Construction of a PA-Factor Xa recombinant strain and purification of PA 20 kDa fragment designated as rPA20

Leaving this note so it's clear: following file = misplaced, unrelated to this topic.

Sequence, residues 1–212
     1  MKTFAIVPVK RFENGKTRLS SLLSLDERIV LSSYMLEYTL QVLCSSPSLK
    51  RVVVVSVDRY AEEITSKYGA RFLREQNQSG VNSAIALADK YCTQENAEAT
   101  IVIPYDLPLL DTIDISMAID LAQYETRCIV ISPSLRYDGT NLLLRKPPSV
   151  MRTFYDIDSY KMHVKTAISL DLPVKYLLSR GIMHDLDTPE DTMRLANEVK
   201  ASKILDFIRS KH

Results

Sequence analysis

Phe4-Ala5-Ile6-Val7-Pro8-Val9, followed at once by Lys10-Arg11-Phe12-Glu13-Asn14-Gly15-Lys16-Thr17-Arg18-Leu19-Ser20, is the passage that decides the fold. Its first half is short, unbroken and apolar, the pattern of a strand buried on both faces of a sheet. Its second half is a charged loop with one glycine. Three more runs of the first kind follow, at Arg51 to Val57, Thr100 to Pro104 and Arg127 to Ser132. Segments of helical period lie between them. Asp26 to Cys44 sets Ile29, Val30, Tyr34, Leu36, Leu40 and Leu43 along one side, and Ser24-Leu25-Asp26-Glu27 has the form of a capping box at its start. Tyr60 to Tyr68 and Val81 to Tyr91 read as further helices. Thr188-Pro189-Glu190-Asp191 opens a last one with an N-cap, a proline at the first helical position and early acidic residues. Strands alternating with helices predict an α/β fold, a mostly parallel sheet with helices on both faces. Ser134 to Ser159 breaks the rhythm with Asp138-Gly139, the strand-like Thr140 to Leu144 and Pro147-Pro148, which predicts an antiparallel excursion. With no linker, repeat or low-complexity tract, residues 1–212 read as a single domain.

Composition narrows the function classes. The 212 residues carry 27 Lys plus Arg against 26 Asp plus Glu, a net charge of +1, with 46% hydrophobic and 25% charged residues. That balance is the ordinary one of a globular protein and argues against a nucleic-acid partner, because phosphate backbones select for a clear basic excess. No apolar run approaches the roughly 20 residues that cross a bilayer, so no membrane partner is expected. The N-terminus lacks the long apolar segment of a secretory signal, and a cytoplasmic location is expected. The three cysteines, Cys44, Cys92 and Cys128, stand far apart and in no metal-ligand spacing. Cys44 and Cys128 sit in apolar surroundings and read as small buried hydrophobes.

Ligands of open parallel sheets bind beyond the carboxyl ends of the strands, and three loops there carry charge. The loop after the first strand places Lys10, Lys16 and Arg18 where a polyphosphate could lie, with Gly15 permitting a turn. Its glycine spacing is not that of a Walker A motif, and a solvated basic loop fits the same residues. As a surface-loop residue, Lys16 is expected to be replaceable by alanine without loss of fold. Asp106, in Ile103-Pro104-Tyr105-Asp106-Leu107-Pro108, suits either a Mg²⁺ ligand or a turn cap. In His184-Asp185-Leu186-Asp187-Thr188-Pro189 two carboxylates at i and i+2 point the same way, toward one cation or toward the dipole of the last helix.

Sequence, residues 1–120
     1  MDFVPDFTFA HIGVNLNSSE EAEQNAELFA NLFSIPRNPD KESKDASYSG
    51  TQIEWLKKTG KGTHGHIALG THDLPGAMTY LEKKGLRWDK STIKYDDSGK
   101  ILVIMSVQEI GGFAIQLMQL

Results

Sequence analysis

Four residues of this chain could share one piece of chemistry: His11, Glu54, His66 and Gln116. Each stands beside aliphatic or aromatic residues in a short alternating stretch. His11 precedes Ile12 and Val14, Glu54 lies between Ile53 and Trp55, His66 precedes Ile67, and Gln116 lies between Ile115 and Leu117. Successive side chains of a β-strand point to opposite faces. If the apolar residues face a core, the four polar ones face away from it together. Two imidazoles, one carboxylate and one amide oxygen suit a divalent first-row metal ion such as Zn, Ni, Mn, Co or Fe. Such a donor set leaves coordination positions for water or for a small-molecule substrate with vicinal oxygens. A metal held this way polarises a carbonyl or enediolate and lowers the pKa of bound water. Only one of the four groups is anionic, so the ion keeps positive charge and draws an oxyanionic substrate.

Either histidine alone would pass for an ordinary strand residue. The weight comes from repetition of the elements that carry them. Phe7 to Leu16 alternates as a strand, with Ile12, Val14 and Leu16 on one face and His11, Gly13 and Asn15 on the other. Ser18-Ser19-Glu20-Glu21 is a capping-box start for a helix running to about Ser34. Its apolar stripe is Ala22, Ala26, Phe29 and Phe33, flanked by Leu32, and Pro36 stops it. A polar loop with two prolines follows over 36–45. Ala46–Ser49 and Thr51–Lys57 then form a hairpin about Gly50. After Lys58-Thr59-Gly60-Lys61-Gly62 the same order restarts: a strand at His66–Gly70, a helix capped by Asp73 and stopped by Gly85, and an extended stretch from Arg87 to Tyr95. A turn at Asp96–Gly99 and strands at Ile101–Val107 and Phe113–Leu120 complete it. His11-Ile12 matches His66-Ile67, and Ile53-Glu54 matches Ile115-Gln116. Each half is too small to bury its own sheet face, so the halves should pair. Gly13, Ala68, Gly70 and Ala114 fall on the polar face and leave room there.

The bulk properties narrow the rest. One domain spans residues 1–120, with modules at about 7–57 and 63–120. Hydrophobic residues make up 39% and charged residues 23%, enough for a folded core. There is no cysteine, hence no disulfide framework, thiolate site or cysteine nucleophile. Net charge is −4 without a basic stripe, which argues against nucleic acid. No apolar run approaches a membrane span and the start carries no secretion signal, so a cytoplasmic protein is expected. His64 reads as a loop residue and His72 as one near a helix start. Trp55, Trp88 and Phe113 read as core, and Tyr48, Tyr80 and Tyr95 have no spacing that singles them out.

The amino-terminal domain of PA is cleaved at the consensus R164–K165–K166–R167 sequence recognized by furin-like proteases in-vitro [12] and by a plasma protease in vivo [16]. This process results in the release of a 20-kDa amino-terminal fragment (PA20) and the formation of 63-kDa carboxy-terminal fragment heptamers [19]. Lethal factor (LF) and/or edema factor (EF) then bind to the heptamers and these toxic complexes are internalized via receptor-mediated endocytosis into eukaryotic cells [20]. Limited digestion of PA with trypsin results in 63 kDa and 20 kDa fragments. These fragments were isolated and fully characterized by Christensen et al. [21]. However, prolonged digestion with trypsin results in a trypsin resistant 17 kDa amino terminal fragment. Deletion of the consensus R164–K165–K166–R167 sequence eliminates the cleavage of PA by furin-like proteases and by trypsin [22]. In-vivo proteolysis of PA results in 63 kDa and 20 kDa fragments [16]; therefore we wished to be able to produce an identical and stable 20 kDa fragment in-vitro. In this study, we performed mutagenesis of the trypsin cleavage site in PA83 to make it sensitive to cleavage by Factor Xa protease because there are no other Factor Xa sensitive sites on the PA83 sequence. We constructed a PA mutant in which a Factor Xa proteolytic recognition site (IEGR) was genetically engineered into PA [12]. The Factor Xa proteolytic site was introduced into PA at the trypsin-sensitive site by a 2-step mutagenesis procedure using a Muta-Gene Phagemid InVitro Mutagenesis kit (BioRad, Hercules, CA). A 2,044 bp HindIII/BamHI fragment encoding the carboxy-teminus of pag, including amino acid residues 164–167 which comprise the trypsin-sensitive site, was inserted into pBluescriptSK (Stratagene, La Jolla, CA.) and designated pPAHB. Oligonucleotide XaFN (5'-GTACTTCGCTTTTCTATTGAGTTCGAAG-3') was used to convert the wild-type pag gene fragment in pPAHB to an R164I/K165E double mutant designated pPAHB(XaFN). Oligonucleotide Xa2FN1 (5'-GTACTTCGCCCTTCTATTGAGTTCGAAG-3') was used to convert the pag double mutant in pPAHB(XaFN) to K166G to complete the creation of the Factor Xa site and was designated pPAHB(Xa2FN1). A 670 bp PstI/HindIII fragment from pPAHB(Xa2FN1) containing the Factor Xa site codons was ligated into pYS5 similarly digested with PstI/HindIII to remove the wild type 670 bp fragment and the resulting plasmid was designated pYS1Xa2FN1 [22]. pYS1Xa2FN1 was transformed into Bacillus subtilis WB600 for expression of the PA/Factor Xa mutant [23]. PA/Factor Xa was purified from WB600 PYS1Xa2FN1 as previously described for rPA [24].